Monday, November 29, 2021

Review: Poor Claire by Echo Theater

The saint’s play, also called the miracle play, was a popular form of religious drama in the European Middle Ages. Historical records are unclear, although we know the genre staged legends of saints and martyrs, often left room for supernatural phenomena, and sometimes condoned anti-Semitism.

There are not many examples in English here – Henry VIII banned miracle plays in the middle of the 16th century, and many of them were subsequently destroyed – but it’s safe to say that nothing from the hidden past sounds remotely like Chiara Atik’s “Poor Claire”. … »This is a play by a saint, crafted as an original comedy that millennials can believe.

Miracle of miracles, almost working.

Poor Claire, which won the world premiere with the Echo Theater Co. at the Atwater Village Theater, offers a fun modern take on the life of Saint Clara of Assisi. Staged by Alana Dietze with the same sophistication of the ensemble that she brought to the production of Wolves in her production of Echo, the play explores the sorrows and pleasures of disinterested virtue in a world sharply divided into the pure haves and the miserable have-nots.

The Italian village of Assisi is 1211, but the way of speaking is closer to Brentwood 2021. Close your eyes and you might think you are eavesdropping on high school students holding credit cards in a luxury open-air mall.

Jordan Hull, actor L Word: Generation Q, is as divine as Claire, a good-natured and wealthy 18-year-old with servants fussing about her hair and wardrobe (played by Kari Lee Cartwright and Martica De Cardenas). She is spoiled, but as a private school student who begins to think differently about the world after meeting a progressive social science teacher, she begins to question her own values.

Claire’s transformation is accelerated by another saint-to-be, Francis (the tart Michael Sturgis), who abandoned his rich past as part of his mission to eliminate economic inequality. Claire doesn’t understand why this son of a silk merchant is wandering around like a crazy beggar, but she understands what they have in common and suspects he has a lot to teach her.

The play tracks Claire’s nascent conscience as she shifts from screaming at the sight of a beggar (Tony DeCarlo) to handing out impractical clothes from wealthy people and gifting priceless jewelry to her maid. Soon, she is wearing a shirt and sleeping on the floor with rats. Why should she be comfortable with homeless families hiding in tents under a nearby bridge?

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In the opening scene, we see Claire talking to her stylists about how the pilgrimage to the Holy Land “feels like so much work and money!” Later, when Frances reminds her that she lives in a palazzo downtown, she tells him, “This is not really a palazzo, this is more just a big house.”

She is used to downplaying her social status, taking advantage of it. Her radicalism begins with a growing awareness of her hypocrisy.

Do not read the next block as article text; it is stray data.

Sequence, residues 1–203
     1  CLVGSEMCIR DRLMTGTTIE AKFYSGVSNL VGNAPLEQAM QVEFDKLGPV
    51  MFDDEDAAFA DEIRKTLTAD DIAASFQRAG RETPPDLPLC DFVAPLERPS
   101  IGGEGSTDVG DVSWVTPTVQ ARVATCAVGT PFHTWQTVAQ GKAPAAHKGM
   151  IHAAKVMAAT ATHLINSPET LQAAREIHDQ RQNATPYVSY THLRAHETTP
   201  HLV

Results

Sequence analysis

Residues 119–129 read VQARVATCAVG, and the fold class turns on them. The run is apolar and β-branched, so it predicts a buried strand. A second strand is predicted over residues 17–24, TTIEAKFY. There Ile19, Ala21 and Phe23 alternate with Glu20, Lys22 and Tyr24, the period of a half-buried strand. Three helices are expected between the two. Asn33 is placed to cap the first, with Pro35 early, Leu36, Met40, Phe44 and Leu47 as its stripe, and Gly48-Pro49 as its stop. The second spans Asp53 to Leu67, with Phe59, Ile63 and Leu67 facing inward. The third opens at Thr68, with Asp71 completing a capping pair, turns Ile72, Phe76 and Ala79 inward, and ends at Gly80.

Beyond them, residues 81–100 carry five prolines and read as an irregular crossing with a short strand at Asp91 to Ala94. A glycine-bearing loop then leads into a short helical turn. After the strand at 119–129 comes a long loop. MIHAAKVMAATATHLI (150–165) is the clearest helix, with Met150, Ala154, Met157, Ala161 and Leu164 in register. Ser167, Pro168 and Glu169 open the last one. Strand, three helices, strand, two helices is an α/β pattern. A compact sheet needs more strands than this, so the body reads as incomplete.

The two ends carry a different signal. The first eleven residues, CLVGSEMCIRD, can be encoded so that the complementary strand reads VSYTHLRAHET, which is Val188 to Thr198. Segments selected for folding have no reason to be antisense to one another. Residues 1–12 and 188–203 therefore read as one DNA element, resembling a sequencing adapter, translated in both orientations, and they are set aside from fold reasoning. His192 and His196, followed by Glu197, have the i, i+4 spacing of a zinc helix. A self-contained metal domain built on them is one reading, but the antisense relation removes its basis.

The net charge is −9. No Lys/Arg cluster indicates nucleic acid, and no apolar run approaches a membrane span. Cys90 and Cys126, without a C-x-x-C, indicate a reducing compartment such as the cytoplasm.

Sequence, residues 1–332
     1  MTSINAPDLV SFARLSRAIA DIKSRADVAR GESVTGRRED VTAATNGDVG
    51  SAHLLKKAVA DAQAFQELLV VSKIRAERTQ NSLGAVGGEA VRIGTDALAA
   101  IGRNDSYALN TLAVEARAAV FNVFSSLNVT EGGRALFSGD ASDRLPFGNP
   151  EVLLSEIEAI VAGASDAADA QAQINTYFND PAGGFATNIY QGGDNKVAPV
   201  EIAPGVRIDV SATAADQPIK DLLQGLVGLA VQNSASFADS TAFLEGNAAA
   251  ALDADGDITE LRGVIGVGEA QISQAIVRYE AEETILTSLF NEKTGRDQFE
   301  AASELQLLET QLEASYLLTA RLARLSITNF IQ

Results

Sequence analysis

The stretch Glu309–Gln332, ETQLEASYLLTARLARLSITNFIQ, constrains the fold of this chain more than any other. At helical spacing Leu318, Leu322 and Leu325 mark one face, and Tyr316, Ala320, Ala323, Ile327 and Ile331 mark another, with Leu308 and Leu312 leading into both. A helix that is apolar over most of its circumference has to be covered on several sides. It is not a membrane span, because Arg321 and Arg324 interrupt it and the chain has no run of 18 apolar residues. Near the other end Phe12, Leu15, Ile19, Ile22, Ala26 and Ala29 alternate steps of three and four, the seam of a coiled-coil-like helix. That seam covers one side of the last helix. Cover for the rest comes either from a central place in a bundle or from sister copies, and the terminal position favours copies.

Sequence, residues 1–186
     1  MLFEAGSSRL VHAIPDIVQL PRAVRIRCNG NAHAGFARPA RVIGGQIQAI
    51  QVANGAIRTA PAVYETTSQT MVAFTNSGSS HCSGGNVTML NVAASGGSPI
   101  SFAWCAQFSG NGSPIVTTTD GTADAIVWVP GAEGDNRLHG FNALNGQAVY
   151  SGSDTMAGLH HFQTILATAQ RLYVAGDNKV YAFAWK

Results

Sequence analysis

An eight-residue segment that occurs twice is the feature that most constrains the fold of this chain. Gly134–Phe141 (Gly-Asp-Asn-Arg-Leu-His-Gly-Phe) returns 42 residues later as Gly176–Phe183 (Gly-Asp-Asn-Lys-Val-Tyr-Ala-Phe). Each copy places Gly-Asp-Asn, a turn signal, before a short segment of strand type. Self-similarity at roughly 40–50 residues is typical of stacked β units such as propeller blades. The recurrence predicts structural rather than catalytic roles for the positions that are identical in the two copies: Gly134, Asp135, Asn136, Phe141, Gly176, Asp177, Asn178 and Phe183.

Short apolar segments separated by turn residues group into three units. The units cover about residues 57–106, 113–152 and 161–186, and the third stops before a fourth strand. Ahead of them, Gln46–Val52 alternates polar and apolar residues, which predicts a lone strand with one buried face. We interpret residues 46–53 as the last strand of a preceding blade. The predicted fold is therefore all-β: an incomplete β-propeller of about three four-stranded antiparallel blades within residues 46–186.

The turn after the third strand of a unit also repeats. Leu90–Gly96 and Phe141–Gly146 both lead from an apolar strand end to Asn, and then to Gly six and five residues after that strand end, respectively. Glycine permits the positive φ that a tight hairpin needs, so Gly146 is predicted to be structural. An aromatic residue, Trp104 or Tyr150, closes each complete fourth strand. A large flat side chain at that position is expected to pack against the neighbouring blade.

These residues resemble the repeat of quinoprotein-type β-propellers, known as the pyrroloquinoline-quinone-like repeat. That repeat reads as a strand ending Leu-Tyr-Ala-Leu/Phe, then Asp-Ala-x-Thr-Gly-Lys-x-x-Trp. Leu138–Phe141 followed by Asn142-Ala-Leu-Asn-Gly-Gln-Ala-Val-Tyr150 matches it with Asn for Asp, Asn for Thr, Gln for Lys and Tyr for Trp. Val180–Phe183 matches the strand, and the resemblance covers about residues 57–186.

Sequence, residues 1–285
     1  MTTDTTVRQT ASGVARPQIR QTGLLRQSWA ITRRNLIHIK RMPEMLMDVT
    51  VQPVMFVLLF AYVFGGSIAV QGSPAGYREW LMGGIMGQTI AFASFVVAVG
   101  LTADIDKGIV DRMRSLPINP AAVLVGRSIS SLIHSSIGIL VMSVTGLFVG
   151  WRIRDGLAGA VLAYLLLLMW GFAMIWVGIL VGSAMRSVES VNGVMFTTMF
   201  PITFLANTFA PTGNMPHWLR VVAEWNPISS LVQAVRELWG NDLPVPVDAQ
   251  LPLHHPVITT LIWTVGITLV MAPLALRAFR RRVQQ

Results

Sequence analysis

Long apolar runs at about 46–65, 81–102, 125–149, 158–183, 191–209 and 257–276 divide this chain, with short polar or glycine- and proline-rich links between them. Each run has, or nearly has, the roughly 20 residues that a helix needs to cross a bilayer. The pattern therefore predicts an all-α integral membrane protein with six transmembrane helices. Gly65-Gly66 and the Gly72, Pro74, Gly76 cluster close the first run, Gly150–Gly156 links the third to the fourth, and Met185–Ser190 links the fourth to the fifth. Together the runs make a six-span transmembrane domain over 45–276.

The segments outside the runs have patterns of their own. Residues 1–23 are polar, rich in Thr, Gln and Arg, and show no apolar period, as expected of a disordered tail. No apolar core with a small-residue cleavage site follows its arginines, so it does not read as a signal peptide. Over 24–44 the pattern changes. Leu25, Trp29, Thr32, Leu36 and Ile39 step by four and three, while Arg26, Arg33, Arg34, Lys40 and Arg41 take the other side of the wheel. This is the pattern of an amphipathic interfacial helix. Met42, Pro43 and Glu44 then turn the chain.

Neither Beatrice (sharp Donna Zadeh), Claire’s tender and daring sister, nor Ortolana (tart Ann Noble), her tenderly arrogant mother, can convince a young woman who has realized the fundamental cruelty of an unequal society.

Claire’s dramatic journey is unforgiving and therefore lacks the unknown. The play had to be delayed and staged without intermission. But in a somewhat charmingly insane anachronistic dialogue, it makes up for the plot, which seems like a fait accompli.

There are no villains in Poor Claire. Even the most superficial and self-protective rich characters have hearts. Claire’s interactions with the women in her life are playful and empathetic, even as she finds her ethics separating her from those clothespins. (The ostentatious outfits created by costume designer Diane K. Grabner are fascinatingly displayed.)

The play is also commendably devoid of heroes. Francis is portrayed as rude and effeminate, but his policies are more uncompromising than those of Bernie Sanders. Ideologically impatient, he may care more about kindness than kindness. Sturgis emphasizes piquancy.

Francis’s influence on Claire makes her increasingly isolated. I’d like the play to be more entertaining alternative forms of altruism, giving Claire a glimpse into a less lonely and selfless future. But the saints are not middle class. Sacrifice and suffering is their relationship.

Atik, realizing that modern good is a mystery, ends his game with prayer. Jumping into the present, Claire pleads with God for guidance: “Lord, give me strength so that I do not retreat to the other end of the subway car, pulling my scarf up to my nose, but rather jumped out and asked:“ Do you need help? ”

In the radiant humanity of Hull’s gentle, amusing image, true benevolence seems miraculously achievable.

‘Poor Claire’

Where: Echo Theater Co. at Atwater Village Theater, 3269 Casitas Ave., LA

When: 20:00 Friday, Saturday, 16:00 Sunday, 20:00 Monday. Until November 29.

Tickets: $ 10 to $ 34.

Contact: (310) 307-3753 or www.EchoTheaterCompany.com

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